To make a long story short, his next message included a letter that he said had been sent to FIDE right before the match was finally cancelled (after the second deadline, or was it the third?). Several things caught my eye. It was in English, the internal Word document properties showed it had been created well after the date he said it had been sent, and it was apparently written by Ukrainian chess journalist Komarov.

I don't know what that all means. The original was in Russian and they were just translating it for me? Regardless, it's four pages of rambling complaints and accusations of injustice. You would think that Pono was being burned at the stake as a martyr instead of being handed the chance of a lifetime. Ponomariov says he signed the earlier agreement, which is sort of true. He signed but he had crossed out several provisions!

As I stated in my article, the agreement itself was a horribly written document and it seems reasonable that Ponomariov would want clarifications and Russian translations. (See 3a in the document.) But why would such things take weeks? Was FIDE dragging its feet? Then (3b) there is bluster about adding the off day to the original schedule and I still say this is a total joke. Nobody in their right mind risks canceling a match because a rest day is added.

Most of the document seems to be about complaining about how FIDE has treated him and used language that he doesn't like. All in all it's a poorly written as the FIDE player agreement, maybe worse. He constantly wonders what Kasparov says, no doubt with the intent to press for the opposite. Ponomariov makes new demands in random spots, guaranteeing more confusion. Overall, it adds to the original impression that FIDE acted in bad faith. But if this is the sort of silliness Ponomariov and his people were sending, there was never any hope of a match. On the other hand, FIDE kept saying that Ponomariov never communicated with them directly until this after-the-last-hour message.

That brings me to the final point about this thing. I've been trying to get confirmation from FIDE that this letter was received by them, and find out when and by whom. So far, no dice. Parts of this letter were released in the press as quotes from the Ponomariov camp. You can download the letter as sent by Danailov with his approval for publication. It's in Word format. If I hear from FIDE I'll write it up at ChessBase.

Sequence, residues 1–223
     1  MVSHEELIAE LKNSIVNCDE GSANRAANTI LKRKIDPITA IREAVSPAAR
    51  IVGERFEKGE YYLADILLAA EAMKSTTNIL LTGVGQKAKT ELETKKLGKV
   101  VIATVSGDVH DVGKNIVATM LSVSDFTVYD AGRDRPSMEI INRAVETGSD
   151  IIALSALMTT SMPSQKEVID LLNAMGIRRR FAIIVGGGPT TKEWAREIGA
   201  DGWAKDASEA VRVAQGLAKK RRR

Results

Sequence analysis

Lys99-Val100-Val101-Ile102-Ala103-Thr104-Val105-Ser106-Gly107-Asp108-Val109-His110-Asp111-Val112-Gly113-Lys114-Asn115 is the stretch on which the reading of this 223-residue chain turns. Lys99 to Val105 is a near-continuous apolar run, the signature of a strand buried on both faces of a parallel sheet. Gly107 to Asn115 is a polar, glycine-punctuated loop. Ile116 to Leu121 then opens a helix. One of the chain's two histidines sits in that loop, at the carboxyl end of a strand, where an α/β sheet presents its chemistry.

October 10, 2003

The official site of the Kasparov-X3D Fritz match in now online. The pretty homepage design was done by the talented Tanja Schissler in Germany, I believe for the design company Morgenrot. I am to blame for the rest of the site and its contents and I'll be running the site and the live online game commentary. The only thing left is the ticket registration page. (The page design is done, but the folks at X3D have to hook it up to a database on their server.)

Tickets to attend the match in person are free with a limit of four per registration. There shouldn't be a problem getting tickets. The venue at the New York Athletic Club is quite large and people come and go during the games. The page should be up today or tomorrow.

Most of the news content currently up at the site are versions of the X3D-related stories that appeared at, but plenty of original material will be added on an ongoing basis. We'll have interviews with the Fritz team, Kasparov, and comments and predictions from various GMs. I'll be running polls and taking questions for the GMs, Garry, and the Fritz programmers. (Frans Morsch, Mathias Feist, and Alex Kure on book.)

I spent an enjoyable three weeks with them in Bahrain at the Kramnik-Fritz match last year (where I ran THAT site and commentary). They are much more forthcoming with inside information than the secretive Ban and Bushinsky team behind Junior. Shay Bushinsky is a good friend and former co-worker from KasparovChess Online. But they were very tight-lipped about the goings on inside their program even after the match. Trade secrets!

October 14, 2003

Developing Moves

Anyone who regularly uses the fantastic Google News search to look for chess news might have noticed an interesting tendency. A majority of the stories are from India and there are an ever-increasing number from Africa. India has a remarkable number of newspapers and a well-known national and regional chess infrastructure. Africa is more of a surprise. News stories from Nigeria, Malawi and South Africa are currently in the results list.

Does this mean anything for the future of chess? Success at the highest level requires support for both youth and professional chess, unless you have a once-in-a-generation prodigy like Mecking or Fischer. Major media attention can result in both. Kids and parents are exposed to the game as a healthy sport and sponsors see it in the news and can imagine associating their company with it.

October 21, 2003

National Chess Week

12-year-old David Howell is flying around England in a helicopter to promote chess. The young hope's tour is part of "National Chess Week," which has included several events with Garry Kasparov. Quoth Howell: "Chess is a very exciting game and unlike football it can be played in all weathers. Anybody can play chess and winning a game is a great feeling."